I'm sure a lot of these guys went home after the carwash and played a little hans solo.

    12. Senior Member AZGolf's Avatar
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      02-15-2017 06:51 PM #62
      Quote Originally Posted by Jimmy Russells View Post
      (Volvo video from many years ago)
      You're still not substantiating anything except that Volvo doesn't know how to do a product demo. None of your cute videos are data that says adding safety systems reduces safety. The only study I know of to do an apples to apples comparison proves stability control increases safety.

      IIHS article on analysis of stability control

      That's why it's become a mandatory feature on cars, because it works and was proven by data to reduce wrecks.

    13. Member Jimmy Russells's Avatar
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      02-15-2017 06:54 PM #63
      Quote Originally Posted by AZGolf View Post
      You're still not substantiating anything except that Volvo doesn't know how to do a product demo. None of your cute videos are data that says adding safety systems reduces safety. The only study I know of to do an apples to apples comparison proves stability control increases safety.

      IIHS article on analysis of stability control

      That's why it's become a mandatory feature on cars, because it works and was proven by data to reduce wrecks.

      Cool so this will have relevance when stability control systems and automated braking systems have anything to do with each other

      Volvo is not all bad at demos;

      The OG Russells is back!

      Quote Originally Posted by Sump View Post
      I'm sure a lot of these guys went home after the carwash and played a little hans solo.

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      02-15-2017 07:27 PM #64
      Quote Originally Posted by AZGolf View Post
      Cite a source, which of course you can't because there is none.

      I've never ridden with any mature adult that said "Hey, I didn't die yesterday, better do 20 over the limit and start weaving aggressively more today!" People under 25? Maybe so, but we all already know that fatalities are way higher for young people and pretty flat from age 26-35 and at their lowest from about 35-55 only moving up significantly above age 65. Above that age, you start to run into a secondary complication, which is that the body is simply more frail and more likely to die in an accident that a younger driver would have survived.

      Bottom line is that I don't buy your unsubstantiated claim that actual mature people suddenly all become lawbreaking reckless drivers more and more every day that they don't get in a wreck. There's no data I know of to support such a claim.



      That car wasn't even equipped with automatic braking. Sales people get that stuff wrong all the time.
      Reading is fundamental. I said "chances are", I never said it was a fact.

      But what is a fact is auto deaths are up 15% in the last two years. AAA also says that drivers age 20-26 are the most dangerous. The younger drivers are not as dangerous.

      So you do you ride with millions of drivers?

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      02-15-2017 07:36 PM #65
      Quote Originally Posted by AZGolf View Post
      Cite a source, which of course you can't because there is none.

      I've never ridden with any mature adult that said "Hey, I didn't die yesterday, better do 20 over the limit and start weaving aggressively more today!" People under 25? Maybe so, but we all already know that fatalities are way higher for young people and pretty flat from age 26-35 and at their lowest from about 35-55 only moving up significantly above age 65. Above that age, you start to run into a secondary complication, which is that the body is simply more frail and more likely to die in an accident that a younger driver would have survived.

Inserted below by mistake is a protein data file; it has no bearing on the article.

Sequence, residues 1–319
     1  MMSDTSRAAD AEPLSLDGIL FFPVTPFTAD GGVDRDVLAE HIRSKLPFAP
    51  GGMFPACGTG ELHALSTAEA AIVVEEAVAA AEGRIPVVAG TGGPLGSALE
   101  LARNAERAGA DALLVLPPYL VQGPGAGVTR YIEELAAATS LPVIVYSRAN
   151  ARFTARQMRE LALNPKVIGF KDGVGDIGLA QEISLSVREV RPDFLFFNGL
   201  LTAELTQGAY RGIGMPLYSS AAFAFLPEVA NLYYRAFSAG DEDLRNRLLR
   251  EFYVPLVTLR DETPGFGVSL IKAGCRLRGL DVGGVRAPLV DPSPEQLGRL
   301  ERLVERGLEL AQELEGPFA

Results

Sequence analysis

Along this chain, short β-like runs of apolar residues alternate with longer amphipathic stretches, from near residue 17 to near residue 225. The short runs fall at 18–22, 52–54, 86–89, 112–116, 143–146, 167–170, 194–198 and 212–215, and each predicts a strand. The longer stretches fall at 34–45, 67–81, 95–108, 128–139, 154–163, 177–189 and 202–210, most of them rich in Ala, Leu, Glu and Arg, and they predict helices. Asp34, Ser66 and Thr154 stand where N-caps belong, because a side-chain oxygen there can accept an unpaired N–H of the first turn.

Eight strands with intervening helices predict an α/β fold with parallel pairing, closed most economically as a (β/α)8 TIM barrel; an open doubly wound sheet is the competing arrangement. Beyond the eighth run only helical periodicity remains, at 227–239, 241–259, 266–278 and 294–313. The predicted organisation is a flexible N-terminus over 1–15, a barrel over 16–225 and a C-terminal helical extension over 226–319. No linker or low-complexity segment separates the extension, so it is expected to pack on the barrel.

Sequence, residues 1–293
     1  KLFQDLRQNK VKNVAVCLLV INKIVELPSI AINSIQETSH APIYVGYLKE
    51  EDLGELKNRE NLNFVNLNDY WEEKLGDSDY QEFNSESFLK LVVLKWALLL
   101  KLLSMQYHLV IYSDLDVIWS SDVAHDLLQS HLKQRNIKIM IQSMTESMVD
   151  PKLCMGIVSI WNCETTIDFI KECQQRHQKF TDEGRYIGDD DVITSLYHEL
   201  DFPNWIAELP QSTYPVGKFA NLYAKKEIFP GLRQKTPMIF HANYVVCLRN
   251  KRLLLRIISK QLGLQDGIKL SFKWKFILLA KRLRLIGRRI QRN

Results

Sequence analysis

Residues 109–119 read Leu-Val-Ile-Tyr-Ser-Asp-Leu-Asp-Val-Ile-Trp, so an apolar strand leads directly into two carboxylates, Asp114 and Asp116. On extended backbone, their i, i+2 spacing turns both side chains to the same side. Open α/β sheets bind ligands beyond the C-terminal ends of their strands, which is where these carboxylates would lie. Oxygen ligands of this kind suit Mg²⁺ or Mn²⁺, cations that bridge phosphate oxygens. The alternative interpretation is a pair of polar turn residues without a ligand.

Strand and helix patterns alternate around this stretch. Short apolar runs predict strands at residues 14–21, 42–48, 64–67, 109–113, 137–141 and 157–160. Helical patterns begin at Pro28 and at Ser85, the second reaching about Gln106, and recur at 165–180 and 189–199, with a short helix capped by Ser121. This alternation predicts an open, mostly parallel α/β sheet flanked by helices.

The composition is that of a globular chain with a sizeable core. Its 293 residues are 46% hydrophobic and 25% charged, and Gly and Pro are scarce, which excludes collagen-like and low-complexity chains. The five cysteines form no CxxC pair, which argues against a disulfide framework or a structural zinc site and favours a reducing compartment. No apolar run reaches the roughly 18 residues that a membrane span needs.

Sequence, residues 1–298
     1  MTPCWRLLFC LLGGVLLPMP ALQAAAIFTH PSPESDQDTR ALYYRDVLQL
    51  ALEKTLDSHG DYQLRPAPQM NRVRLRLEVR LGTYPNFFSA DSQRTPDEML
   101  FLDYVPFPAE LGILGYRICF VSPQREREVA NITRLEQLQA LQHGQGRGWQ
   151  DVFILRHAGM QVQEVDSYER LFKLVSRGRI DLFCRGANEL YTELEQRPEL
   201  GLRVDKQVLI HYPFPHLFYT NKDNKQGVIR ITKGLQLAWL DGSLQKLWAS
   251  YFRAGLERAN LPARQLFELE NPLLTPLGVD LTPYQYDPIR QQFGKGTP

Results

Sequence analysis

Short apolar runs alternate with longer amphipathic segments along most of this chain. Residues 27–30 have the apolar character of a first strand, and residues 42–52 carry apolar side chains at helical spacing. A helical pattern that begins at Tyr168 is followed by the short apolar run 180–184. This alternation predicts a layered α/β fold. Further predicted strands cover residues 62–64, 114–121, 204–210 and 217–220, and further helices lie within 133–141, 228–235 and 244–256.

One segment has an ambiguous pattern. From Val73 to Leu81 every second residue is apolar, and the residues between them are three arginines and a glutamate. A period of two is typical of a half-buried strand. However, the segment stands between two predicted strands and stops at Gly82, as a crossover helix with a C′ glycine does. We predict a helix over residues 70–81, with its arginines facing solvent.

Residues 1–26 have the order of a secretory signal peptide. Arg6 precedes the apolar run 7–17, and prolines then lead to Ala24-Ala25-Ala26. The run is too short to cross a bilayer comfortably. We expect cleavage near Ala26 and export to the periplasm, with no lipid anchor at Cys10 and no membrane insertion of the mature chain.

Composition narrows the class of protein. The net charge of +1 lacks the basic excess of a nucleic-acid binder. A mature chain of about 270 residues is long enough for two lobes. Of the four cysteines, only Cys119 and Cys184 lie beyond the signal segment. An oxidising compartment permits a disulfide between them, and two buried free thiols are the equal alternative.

Bottom line is that I don't buy your unsubstantiated claim that actual mature people suddenly all become lawbreaking reckless drivers more and more every day that they don't get in a wreck. There's no data I know of to support such a claim.
      I do seem to remember some studies where accident frequency/severity increased slightly (early on) with the advent of airbags and ABS because the oft-touted safety technology (like in the sales literature) subconsciously made drivers feel invincible so they were more apt to take risks they maybe wouldn't in older cars.

      Like this, toward the bottom
      http://www.thetruthaboutcars.com/200...er-risk-by-51/

      Anecdotally, in almost the same spot where I saw the Sonata almost lose it, just a different day right after it had stopped raining, I crested a slight rise on the highway at 70 MPH with an Acura TL ahead of me and a (nice) El Camino to my left. As soon as we cleared the hill we were met with a sea of red brake lights a couple hundred feet ahead due to an accident (usually no gridlock in this area). The TL driver perhaps braked a little harder than needed, so I did as well -- got a few ABS pulses but the car stopped straight and with plenty of extra room. The El Camino cut the wheel to the left, jammed on the brakes, went into a big skid, did a complete 360° then stuck the rear bumper into the center divider.

      So the two guys in cars that were, ah, spiritedly hustling our way around slower vehicles were able to stop with no drama, while the old guy who was just trundling along in the left lane ended up wrecking his nice old truck.
      Improving the signal-to-noise ratio

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      02-15-2017 07:59 PM #66
      Quote Originally Posted by AZGolf View Post
      That car wasn't even equipped with automatic braking. Sales people get that stuff wrong all the time.
      Correct. I actually had time to test this system when they first came out in the XC60s. Worked 10/10 in various conditions. As someone who has admittedly rear ended someone before, I would like to have that just in case.